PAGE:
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Multimedia - Why Bother?

A presentation at the New Directions in Software Development conference at Wolverhampton
When Apr 09, 1994
Where Wolverhampton

This is the text summarising my speech:

Multimedia: why bother?

In the past going beyond text always had a cost implication and delivery to other users was problematic.  Graphics terminals were expensive, sound was experimental and digital television hardly conceived.  In order to achieve widespread distribution of software,  mono-font text was the sole medium for delivery.

On early  personal computers, the questions were all about justifying the use of usually minimal colour, audio beep feedback and deciding who would be able to use it & when.  Colour graphics would mean the purchase of an extra circuit card - remember CGA / EGA and VGA? Over the last five years it has become increasingly difficult to buy a text only PC - who would want one now if it was given?

Sensible technical limits to media quality have been attained and virtually all computers deliver.  The current generation of microcomputers can produce CD quality audio, slide quality graphics and broadcast quality television.  It won’t be long before it will be hard to find a PC without these characteristics for input, storage and output.

Extra costs for multimedia remain in the effective creation of quality multimedia materials, because of the artistic design skills required, offset a little by the availability of clip art, sound and TV.  These costs do not affect informal work group use of multimedia nor is there significant cost in delivery.

At the same time as this technology change has surprised us, we have changed as information consumers.  Our exposure to television, film and other entertainment, the visual and aural backdrop of everyday experience may have altered expectations.  When was the last time that you saw handwriting?  A particularly interesting change is the increase in speed of television sequence editing. Children’s television has literally exploded in pace and complexity since the days of Andy Pandy.  It seems credible that we have the capacity to absorb this kind of information since the advertisers probably know what they’re doing!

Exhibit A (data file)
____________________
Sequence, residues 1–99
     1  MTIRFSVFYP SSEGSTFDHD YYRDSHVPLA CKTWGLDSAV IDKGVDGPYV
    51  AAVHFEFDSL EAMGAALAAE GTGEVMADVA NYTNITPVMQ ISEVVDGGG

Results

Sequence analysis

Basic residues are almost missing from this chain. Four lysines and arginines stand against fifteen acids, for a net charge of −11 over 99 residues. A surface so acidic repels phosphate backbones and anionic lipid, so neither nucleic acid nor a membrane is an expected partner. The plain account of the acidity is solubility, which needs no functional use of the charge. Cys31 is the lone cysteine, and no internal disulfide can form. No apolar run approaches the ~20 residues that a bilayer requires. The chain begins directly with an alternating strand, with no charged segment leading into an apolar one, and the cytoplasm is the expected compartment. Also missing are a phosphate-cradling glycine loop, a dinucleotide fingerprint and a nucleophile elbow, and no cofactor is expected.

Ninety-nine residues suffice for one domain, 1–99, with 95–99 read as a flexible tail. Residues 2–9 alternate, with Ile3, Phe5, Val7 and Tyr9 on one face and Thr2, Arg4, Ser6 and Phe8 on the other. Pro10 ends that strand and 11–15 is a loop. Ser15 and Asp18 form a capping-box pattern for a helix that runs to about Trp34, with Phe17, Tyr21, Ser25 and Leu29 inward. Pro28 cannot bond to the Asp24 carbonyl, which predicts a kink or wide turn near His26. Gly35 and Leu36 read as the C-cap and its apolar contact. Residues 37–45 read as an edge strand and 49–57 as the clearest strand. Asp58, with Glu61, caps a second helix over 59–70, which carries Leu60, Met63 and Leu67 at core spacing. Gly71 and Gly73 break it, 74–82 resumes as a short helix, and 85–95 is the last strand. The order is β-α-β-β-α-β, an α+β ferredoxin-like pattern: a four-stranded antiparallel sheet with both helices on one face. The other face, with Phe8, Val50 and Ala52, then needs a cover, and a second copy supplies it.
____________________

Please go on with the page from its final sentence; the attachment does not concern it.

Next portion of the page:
The essential question facing us now is not concerned with cost or technical features, but one of the quality and effectiveness of the use of computers.  The feasibility question has disappeared and we must now ask why leave out speech, music, pictures and animation?; after all they form a large part of our normal, everyday experience.

So what roles can multimedia play?

Communication

Arguably, computer use is strongly a communicative act. Effective human communication is strongly enhanced by the redundancy of message offered through combinations of visual imagery, animated gesture and expression, audio cues and clues and, of course, symbolic text.

Participation

The multimedia personal computer can enhance participation because those who find it hard to read and compose text will now be able to use their normal mode of communication - mixed aural and visual messages and presentations.

Delight

W. Edwards Deming explained that satisfying customers is not enough - that delighting them is desirable so that they become allies in selling products. Products where multimedia has been effectively employed have the capacity to delight where static text and graphics merely satisfy.

(Words: 552 )

Filed under:

Lewis Carroll describes a fictional map that had:

"the scale of a mile to the mile."

A character notes some practical difficulties with such a map and states that:

"we now use the country itself, as its own map, and I assure you it does nearly as well."
— Sylvie and Bruno Concluded, Lewis Carroll, 1893

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